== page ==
A Roast Chicken Fairy Tale
The tale of my new cookbook, The Perfectly Roasted Chicken (Originally titled, A Bird in the Oven and Then Some), begins in 2002 on a sultry summer night in the deep south, where–around a hand dug pit of slow-roasting pigs–I fell for the affable gent who would soon be my husband. Steve was many things: a funny, talented, full-bearded and very sweet Southern guy who happened to be allergic to chicken (Huh!?!, yes, but hardly a deal-breaker). As part of his woo-ing, he took me on a tour of West Alabama’s Hale County. Our jaunt began with a drive through gently rolling countryside, then led to a cooling plunge into a local swimming hole. Post-dip, we swung ’round several of The Rural Studio’s stunning works of architecture–made largely from found and repurposed materials by the up-and-coming talent of Auburn University architecture students (Steve, by the way, is an architect who studied and later taught with the one and only, much-lauded and -loved, architect, artist, humanitarian and co-creator of The Rural Studio, the late Samuel Mockbee). We ended with a plate of ‘meat and 3’ and a pile of crispy fried okra at Mustang Oil, a local filling station diner and one of the coolest eating estabs I’ve ever had the luck of frequenting. Many gals can understand how a rendezvous like this could very quickly lead to an arrangement of nuptials. The seasons barely made it though one rotation before Steve and I were officially hitched.
Let’s fast forward to 2010. Happily married, Steve and I are living in NYC’s Washington Heights. I’m standing in my kitchen with a stack of whole raw chickens on one side of my cutting board, and a blank notebook and pen on the other, embarking on a lifelong dream: the writing of my first solo cookbook. It’s an entire book about roast chicken. Yes, of course; I know what you’re thinking: who is going to eat all this roast chicken, not to mention critique the works in progress, if the only other occupant of our dwelling–and my number one taster–can’t participate? I’ll get to that in a moment. Right now I’m thinking–how should this very first roast bird be flavored?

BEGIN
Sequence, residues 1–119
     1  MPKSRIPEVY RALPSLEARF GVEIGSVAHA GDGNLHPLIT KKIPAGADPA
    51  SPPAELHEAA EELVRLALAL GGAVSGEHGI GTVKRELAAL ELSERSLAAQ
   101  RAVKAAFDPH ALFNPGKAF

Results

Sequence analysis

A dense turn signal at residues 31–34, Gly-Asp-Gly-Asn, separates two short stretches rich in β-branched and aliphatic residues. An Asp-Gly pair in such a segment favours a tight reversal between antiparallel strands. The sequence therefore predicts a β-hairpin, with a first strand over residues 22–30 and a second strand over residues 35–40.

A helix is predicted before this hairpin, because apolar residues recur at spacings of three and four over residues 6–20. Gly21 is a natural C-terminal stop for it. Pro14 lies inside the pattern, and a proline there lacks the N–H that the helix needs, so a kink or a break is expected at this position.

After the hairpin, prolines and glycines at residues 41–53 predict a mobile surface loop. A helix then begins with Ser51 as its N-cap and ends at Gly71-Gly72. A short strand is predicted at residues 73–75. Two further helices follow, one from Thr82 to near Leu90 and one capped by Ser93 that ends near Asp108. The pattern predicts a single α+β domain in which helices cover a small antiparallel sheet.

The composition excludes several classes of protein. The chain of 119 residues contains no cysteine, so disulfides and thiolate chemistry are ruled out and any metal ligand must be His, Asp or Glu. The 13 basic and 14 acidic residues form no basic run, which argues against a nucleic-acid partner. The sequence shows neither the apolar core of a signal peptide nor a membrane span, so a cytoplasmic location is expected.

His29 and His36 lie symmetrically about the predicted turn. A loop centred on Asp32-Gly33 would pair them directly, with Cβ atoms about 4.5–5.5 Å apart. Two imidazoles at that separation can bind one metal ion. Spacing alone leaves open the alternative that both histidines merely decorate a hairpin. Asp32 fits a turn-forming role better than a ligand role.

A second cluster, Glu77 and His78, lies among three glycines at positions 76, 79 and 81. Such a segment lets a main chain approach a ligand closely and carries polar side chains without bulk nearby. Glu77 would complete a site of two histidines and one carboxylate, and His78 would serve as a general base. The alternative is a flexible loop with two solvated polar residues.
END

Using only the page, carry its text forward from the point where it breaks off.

I knew I wanted to do something with olives. Not just any old olive, though. I’d purchased one of my favorite types: Cerignola from Apulia, Italy–a big, meaty sort with a lovely fruit flavor and only a bare hint of salt. Fresh thyme seemed and natural fit. I needed a third element, though, and wanted it to be a simple pantry ingredient. Something that many cooks would have at their fingertips. I took a bite of one of the olives, closing my eyes to consciously consider the basic make-up of the fruit, then took a deep whiff of the earthy bouquet of a twine-tied bunch of fresh thyme. Exploring a line-up of dried herbs and spices, my attention was drawn to a jar of fennel seeds. One bite of a little seed and I knew it–this was the key to a trifecta of goodness that I hoped would make my maiden chicken a huge success.
About 20 minutes after my roast chicken with green olives, fennel seeds and thyme came out of the oven — just when the bird had rested and was ready to be carved into and evaluated — Steve came home from work. I cut into the bird and juicy bits of olive, fennel seed, fresh thyme and tangy lemon zest fell onto the cutting board. Unable to resist, Steve covered a shred of the meat with a spoonful of warm jus and popped it into his mouth. Standing at the counter, he continued to consume until nearly half the bird was gone, without a hint of adverse reaction. Stunned, yet optimistic, we considered the best: the allergy had run its course. A few birds later, our hunch was confirmed. Steve had a new favorite dish and I had my best critic back on my team. I couldn’t have written the book without him.
Roast Chicken with Green Olives, Fennel Seeds and Thyme
1 (4-pound) whole chicken
1 cup green olives, preferably Lucques or Cerignola (about 10), pitted and finely chopped (3/4 cup chopped)
2 1/2 tablespoons finely chopped fresh thyme leaves
1 garlic clove, thinly sliced
1 3/4 teaspoons fennel seeds
1/2 tablespoon flakey coarse sea salt, plus extra for serving
Heat the oven to 425ºF with the rack in the middle.
Pull off the excess fat around the cavities of chicken and discard. Rinse the chicken and pat dry very well, inside and out. From the edge of the cavity, slip a finger under the skin of each of the breasts, then use your fingers to gently but thoroughly loosen the skin from the meat of the breasts and thighs.
Mound the olives, thyme and garlic on your cutting board and finely chop them up together, then zest the lemons right over the top of the olive mixture, holding the zester close to the mixture so that you capture the flavorful oil that sprays from the lemons as you zest. Chop the mixture together a little more, then mix in the fennel seeds.
Working with about 1 tablespoon of the olive mixture at a time, gently push the olive mixture into the pockets you created between the chicken skin and meat, being careful not to tear the skin. Once you have put the mixture into the pockets, you can gently rub your hand over the outside of the skin to smooth out the mixture and push it further down between the skin and meat where you may not be able to reach with your hand.
Put chicken into a baking dish or skillet a bit larger than the chicken and season well with salt. Roast, turning the pan once, halfway through, until juices run clear when thigh is pierced with a fork, or an instant-read thermometer inserted into the thickest part of the thigh reads 165ºF, about 1 hour to 1 hour and 15 minutes. Remove the pan from oven and let the chicken rest in the pan for 15 minutes, then baste with the juices.
Transfer the chicken to a cutting board; carve and serve with the pan juices and extra salt for sprinkling.